Music is a continuous learning process. Talent and skill are honed through years of practice. But no growth will take place without the proper teacher.
Senior Mya Hunt knows this sentiment all too well. She is majoring both in viola performance and instrumental/general education; two areas of study that go hand in hand.
“I want to teach the whole world viola; that’s my life goal now,” Hunt said. “Without fail, it’ll happen someday, so be warned.”
While her passion for education is evident, this was not always the case.
“I actually was not in love with music ed[ucation] until I took intro[duction] to music ed[ucation] here. I realized that I really love teaching,” Hunt said.
There have been many rewarding experiences that have reinforced this fervor.
One of her most enriching episodes was “the first time that I was working in a practicum situation, and I saw that light in the child’s eyes when they got it; they just got something. And it was something so simple, some rhythm thing, but they got it. And their face just lit up,” Hunt said. “I was like, ‘OK, it’s worth it. It is worth all of the struggle that I just went through for the past half-hour trying to teach you this!’ And it’s been uphill from there.”
In addition to practicums, Hunt has developed her skill as an aural skills teaching assistant.
“It’s basically a teaching lab I get paid for. And it’s awesome,” she said. “I have a whole class of freshmen trying to learn aural skills with completely different skill sets and learning styles.”
In this setting full of diversified learning, Hunt has crafted and strengthened a teaching philosophy based on improvisation and practice.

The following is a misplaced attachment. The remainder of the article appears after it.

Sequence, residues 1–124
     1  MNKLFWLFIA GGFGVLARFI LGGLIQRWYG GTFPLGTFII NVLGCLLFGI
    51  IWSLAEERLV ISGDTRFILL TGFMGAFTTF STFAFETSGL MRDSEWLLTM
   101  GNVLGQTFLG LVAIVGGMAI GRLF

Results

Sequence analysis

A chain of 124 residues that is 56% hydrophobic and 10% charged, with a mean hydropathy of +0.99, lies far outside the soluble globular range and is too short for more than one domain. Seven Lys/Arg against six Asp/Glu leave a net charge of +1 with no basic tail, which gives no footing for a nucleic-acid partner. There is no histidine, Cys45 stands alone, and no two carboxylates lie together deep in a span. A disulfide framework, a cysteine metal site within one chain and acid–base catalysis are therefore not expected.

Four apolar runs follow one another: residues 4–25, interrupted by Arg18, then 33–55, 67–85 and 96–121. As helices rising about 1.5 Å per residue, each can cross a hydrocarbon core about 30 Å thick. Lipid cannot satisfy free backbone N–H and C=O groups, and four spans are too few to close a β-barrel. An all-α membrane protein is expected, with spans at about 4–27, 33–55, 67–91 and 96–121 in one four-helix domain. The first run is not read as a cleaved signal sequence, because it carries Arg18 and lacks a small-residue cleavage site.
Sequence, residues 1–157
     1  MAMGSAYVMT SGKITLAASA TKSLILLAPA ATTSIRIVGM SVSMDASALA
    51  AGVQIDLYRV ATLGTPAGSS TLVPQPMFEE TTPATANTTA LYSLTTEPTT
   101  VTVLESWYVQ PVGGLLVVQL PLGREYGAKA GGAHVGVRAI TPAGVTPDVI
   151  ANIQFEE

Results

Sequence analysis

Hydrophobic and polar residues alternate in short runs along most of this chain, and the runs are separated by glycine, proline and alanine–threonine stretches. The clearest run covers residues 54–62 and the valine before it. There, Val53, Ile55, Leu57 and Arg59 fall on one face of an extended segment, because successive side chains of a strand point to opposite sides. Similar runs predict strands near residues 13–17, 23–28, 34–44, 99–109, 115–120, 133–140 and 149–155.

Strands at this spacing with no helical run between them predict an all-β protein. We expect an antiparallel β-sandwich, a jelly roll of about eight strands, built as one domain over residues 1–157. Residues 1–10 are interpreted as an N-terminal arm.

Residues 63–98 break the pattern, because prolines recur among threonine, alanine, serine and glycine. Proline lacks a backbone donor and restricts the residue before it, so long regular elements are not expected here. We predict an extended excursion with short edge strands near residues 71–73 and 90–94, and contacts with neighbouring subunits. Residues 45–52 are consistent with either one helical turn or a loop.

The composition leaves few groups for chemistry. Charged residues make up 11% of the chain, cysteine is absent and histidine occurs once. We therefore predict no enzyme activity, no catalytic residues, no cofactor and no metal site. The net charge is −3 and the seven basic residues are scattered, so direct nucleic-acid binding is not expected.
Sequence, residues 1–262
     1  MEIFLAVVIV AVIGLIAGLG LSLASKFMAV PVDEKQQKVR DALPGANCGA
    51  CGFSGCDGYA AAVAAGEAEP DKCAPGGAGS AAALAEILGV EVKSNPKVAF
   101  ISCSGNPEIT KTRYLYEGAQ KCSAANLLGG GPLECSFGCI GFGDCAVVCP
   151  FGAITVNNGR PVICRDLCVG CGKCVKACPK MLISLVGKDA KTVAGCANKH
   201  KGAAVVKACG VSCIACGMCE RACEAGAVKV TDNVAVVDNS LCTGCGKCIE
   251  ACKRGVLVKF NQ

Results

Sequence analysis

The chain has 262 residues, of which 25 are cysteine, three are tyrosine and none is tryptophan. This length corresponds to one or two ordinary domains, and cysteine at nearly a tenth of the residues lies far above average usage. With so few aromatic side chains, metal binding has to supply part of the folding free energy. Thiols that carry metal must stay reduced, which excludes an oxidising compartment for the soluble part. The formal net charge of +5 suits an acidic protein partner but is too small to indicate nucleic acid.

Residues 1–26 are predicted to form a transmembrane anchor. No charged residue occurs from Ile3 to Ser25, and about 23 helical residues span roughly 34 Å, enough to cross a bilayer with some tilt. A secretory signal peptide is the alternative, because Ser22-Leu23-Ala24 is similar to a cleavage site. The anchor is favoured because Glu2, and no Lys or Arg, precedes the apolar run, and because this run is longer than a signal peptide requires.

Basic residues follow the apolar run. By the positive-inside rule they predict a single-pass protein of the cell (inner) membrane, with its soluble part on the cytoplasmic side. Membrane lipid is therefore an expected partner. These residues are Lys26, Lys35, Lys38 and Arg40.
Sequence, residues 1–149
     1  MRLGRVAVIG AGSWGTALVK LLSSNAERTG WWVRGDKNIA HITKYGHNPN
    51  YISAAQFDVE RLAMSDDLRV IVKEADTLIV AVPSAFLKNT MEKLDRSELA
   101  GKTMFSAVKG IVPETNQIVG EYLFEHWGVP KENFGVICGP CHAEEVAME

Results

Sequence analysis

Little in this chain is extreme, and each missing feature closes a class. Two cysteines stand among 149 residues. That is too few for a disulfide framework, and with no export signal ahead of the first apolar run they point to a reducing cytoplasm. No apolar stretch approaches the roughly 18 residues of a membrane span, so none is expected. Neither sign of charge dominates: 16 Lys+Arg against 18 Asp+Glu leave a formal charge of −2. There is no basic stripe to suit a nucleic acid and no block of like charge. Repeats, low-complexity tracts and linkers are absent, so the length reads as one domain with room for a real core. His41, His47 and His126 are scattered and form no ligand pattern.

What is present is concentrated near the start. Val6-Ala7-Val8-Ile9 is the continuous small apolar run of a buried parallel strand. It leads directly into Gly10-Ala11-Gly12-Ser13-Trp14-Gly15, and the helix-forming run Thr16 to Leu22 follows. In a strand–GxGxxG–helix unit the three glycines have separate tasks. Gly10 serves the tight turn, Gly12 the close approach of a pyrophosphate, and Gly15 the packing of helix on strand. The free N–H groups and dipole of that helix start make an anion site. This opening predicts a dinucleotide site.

“I took an improvisation class, and it changed my life,” she said. “That really changed my perspective on teaching as well as performing.”
Hunt elaborated that music became a much more personal experience for her.
She was able to see “the change in myself as a musician from that, because I felt so much more ownership of my own muscianship. The music was coming from me and my instrument, not just the page,” she said. “And I want to give that to all my students. Every single one of my students will improvise from day one. It will happen. Even if they can only play one note; they will improvise on that one note.”
Hunt wants her students to leave her studio with the personal control and expression of a true musician. She wants her students to be able to “create whatever they feel is worth creating.”
But this improvisation cannot be perfected without practice, and no one is above the seemingly tedious task.
“One of the things with performance and music ed[ucation] is that they’re so intertwined for me and for a lot of us that are doing both. All of my teaching skills I apply in the practice room,” Hunt said. “When I’m in the practice room, I am my own teacher.”